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In Defence of LearningThe Plight, Persecution, and Placement of Academic Refugees, 1933-1980s$
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Shula Marks, Paul Weindling, and Laura Wintour

Print publication date: 2011

Print ISBN-13: 9780197264812

Published to British Academy Scholarship Online: January 2013

DOI: 10.5871/bacad/9780197264812.001.0001

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PRINTED FROM BRITISH ACADEMY SCHOLARSHIP ONLINE (www.britishacademy.universitypressscholarship.com). (c) Copyright British Academy, 2022. All Rights Reserved. An individual user may print out a PDF of a single chapter of a monograph in BASO for personal use.date: 02 July 2022

Austrian Refugee Social Scientists1

Austrian Refugee Social Scientists1

(p.193) 12 Austrian Refugee Social Scientists1
In Defence of Learning

Christian Fleck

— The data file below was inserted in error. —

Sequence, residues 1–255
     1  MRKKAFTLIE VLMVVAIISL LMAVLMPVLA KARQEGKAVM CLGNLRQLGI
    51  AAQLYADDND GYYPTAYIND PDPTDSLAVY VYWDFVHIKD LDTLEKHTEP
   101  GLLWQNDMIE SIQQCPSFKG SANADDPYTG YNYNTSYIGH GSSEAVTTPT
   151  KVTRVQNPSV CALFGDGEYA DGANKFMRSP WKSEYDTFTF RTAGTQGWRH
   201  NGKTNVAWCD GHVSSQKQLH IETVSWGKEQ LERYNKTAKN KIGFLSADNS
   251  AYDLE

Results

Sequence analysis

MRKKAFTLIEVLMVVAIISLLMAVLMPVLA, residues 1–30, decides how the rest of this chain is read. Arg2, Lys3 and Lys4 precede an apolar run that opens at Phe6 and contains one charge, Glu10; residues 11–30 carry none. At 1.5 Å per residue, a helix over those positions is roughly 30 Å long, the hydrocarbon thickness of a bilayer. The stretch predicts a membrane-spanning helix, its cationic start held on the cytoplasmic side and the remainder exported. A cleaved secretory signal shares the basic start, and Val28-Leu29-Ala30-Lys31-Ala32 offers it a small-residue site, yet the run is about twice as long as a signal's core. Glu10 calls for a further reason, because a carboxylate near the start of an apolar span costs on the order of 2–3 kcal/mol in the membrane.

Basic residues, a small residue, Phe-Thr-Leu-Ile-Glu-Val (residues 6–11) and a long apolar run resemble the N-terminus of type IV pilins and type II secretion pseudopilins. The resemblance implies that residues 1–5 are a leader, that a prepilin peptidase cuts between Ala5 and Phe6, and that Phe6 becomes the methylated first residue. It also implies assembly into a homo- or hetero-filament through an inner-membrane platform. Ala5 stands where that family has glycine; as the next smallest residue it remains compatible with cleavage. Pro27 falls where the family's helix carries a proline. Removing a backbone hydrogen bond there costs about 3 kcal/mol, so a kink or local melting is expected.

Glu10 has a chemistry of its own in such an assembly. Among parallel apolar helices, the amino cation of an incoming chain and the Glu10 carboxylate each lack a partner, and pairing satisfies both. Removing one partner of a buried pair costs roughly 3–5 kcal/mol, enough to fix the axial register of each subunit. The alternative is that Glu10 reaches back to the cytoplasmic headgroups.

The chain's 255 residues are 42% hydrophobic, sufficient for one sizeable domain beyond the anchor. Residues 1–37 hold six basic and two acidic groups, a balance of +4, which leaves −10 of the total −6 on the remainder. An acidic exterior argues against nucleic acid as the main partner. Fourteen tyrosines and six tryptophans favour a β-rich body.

British Academy

This chapter presents an overview of one sub-group of Nazi refugees: social scientists from Austria, and Vienna in particular. After a deft sketch of the constraints and opportunities for scholars, especially Jewish scholars, in 1930s Austria with its economic decline, political turmoil, and rampant anti-semitism, it compares the number of Jews in Vienna, the size of the educated class in the city, and the number of Austrian émigré and refugee social scientists with the equivalent figures for Germany. These statistics provide some explanation for the ‘disproportionally large group of former Austrians’ among the émigrés and refugee scholars in the 1930s. The chapter then illustrates the often lowly occupations of many later famous social scientists and the remarkable intellectual milieu they were part of in Vienna. The final section examines the personal and social factors that influenced their fate in exile. It concludes that, within the larger group of German-speaking refugee scholars, the Austrians who later became sociologists had characteristics that enabled them to succeed after their traumatic experiences.

Keywords:   Nazi refugees, anti-semitism, intellectual milieu, social scientists, émigrés, Austrian scientists, Austria, Vienna

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